The Eye of the Storm

Thursday night at BUILD’s Youth Business Incubator felt like a little snapshot of life at our little growing operation. It felt all at once like a blur. Like it could have all passed by if you shut your eyes for a moment. It went by fast, like a cyclone, and I still can’t believe that we managed to pull it all off. The following insane things were going on in one evening:

I was facilitating the first session of The Bridge, which is the program that I created in collaboration with a few other colleagues about a year ago. The aim of The Bridge is to connect concepts in both business and academics so that our students can create a toolkit of resources in preparation for and to take ownership of the college application process. Basically, they are taking the entrepreneurial lessons learned from running their businesses and transferring that knowledge to their personal lives. In my honest opinion, it is the most important work that I’ve created in my time at BUILD and think it will impact a lot of our students’ lives. The first session is quite possibly the most pivotal session because I facilitate a discussion that sets the tone for the entire 12 weeks of the program. It was important to have all students in attendance and attentive.

So here I was with my dozen or so juniors in the common room. Our semi-circle formation of chairs was facing the windows so as to minimize as much of the foot traffic that usually runs across the common room area. I knew that the evening would be full of distractions, but I really did not anticipate that there would be so many.

A few of our senior students were completing their FAFSA’s in random offices (which isn’t a strange event), and they were wandering around the office aimlessly when they were done.

In the conference room, our board of directors were having their monthly meeting. A few random times while I was facilitating, board members snuck out of the meeting to answer phone calls or chat with someone. Obviously they were trying to not be rude during their board meeting, but I don’t think they realized that they were being rude during my meeting. When they finished their board meeting, they all excited and started chatting in the common room… The gall!

In the college room, Sarah was holding a training for a new crop of academic mentors (about a dozen of them), but before they started, they kept ringing the doorbell to enter, and then when they finally entered, they asked me (in the middle of my session) where they were supposed to go. Unphased, I nodded my head towards the college room.

Awkwardly, staff members, who intimately know that it takes a lot of focus to successfully run this session of The Bridge, repeatedly kept sneaking up behind my students and whispering into their ears. Yes, I was appalled, but still unphased.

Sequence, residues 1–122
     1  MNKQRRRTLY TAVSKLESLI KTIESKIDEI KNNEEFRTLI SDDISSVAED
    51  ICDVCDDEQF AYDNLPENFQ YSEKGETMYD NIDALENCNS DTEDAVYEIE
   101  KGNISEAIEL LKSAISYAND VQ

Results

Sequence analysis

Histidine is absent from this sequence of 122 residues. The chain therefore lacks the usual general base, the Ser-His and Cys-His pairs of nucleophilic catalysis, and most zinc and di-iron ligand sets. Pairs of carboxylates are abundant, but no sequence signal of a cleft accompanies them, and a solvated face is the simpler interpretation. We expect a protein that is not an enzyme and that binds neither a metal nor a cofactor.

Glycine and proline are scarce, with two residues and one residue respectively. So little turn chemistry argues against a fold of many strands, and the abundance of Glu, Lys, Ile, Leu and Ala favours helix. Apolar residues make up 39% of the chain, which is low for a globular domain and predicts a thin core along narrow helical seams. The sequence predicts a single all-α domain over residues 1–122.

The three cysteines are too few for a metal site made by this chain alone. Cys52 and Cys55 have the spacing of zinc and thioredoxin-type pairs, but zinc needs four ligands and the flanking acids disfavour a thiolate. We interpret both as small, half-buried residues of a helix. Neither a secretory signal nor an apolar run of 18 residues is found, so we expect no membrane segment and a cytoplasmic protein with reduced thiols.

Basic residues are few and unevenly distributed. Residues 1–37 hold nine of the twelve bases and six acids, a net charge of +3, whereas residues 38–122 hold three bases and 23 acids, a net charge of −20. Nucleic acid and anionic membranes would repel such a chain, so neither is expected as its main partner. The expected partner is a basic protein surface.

The final visitors for the evening were from a generous foundation based in Boston. They stopped by the Incubator to talk to our board members, and inadvertently, they saw that I was facilitating a session, and decided to sit in and watch behind my students. Did I mention that about $2 million are at stake from this foundation ($1M in funds and $1M in consulting)? Talk about pressure.

To top it all of, I was sick the entire week… and by sick, I mean I-had-to-take-a-day-off kind of sick. And for you all who know me, I rarely ever take days off. In my entire time at BUILD, I’d only take two sick days, and last week I took a sick half-day because it was so important to be with the students with the students in the evening.

But you know what… Congested or not, with or without distracting staff members, board members, visitors, etc… The session that I facilitated on Thursday night was leaps and bounds better than the first session I facilitated on Monday night. It didn’t matter that there were tons of obstacles getting in the way of my students’ attention spans. What mattered was that I knew what my intentions were for the session, and with that base understanding, I was able to hook them in. I remember a couple of times, I got distracted and lost my train of thought, and my students hurriedly were trying to get me back on track (Me: “Uh… what was I just saying??” Student: “Making a positive choice!!!”). They were listening intently. And I achieved that fine moment that every public speaker, facilitator, or teacher strives for… that golden moment, that sweet spot, when every single person is listening so intently and literally waiting on your every word to hear more. I had them. I could feel their eyes and ears ready to see and hear more.

I wish I could have captured that moment–bottled it up somehow. I love that moment. I live for that moment.

It’s moments like that on Thursday night–literally like the eye of a storm–that make me really proud of the work that I do.

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